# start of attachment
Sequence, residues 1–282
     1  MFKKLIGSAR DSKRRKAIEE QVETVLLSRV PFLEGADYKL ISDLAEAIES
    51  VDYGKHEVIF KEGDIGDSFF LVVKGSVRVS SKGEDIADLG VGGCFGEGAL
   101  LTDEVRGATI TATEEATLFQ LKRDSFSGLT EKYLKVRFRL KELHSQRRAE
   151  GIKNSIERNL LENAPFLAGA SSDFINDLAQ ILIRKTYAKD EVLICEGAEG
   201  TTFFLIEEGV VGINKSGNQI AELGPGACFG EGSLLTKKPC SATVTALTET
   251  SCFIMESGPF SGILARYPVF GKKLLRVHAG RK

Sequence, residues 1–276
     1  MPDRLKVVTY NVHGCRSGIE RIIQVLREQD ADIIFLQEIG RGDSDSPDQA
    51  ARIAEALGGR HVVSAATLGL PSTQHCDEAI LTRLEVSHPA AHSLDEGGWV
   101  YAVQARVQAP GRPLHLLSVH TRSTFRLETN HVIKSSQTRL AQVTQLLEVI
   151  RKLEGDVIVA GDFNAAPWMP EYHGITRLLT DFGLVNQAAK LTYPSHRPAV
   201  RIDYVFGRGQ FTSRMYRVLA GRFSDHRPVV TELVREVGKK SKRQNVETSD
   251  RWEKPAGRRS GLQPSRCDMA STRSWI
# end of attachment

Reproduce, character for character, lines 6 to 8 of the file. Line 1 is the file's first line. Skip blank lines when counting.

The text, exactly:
   201  TTFFLIEEGV VGINKSGNQI AELGPGACFG EGSLLTKKPC SATVTALTET
   251  SCFIMESGPF SGILARYPVF GKKLLRVHAG RK

Sequence, residues 1–276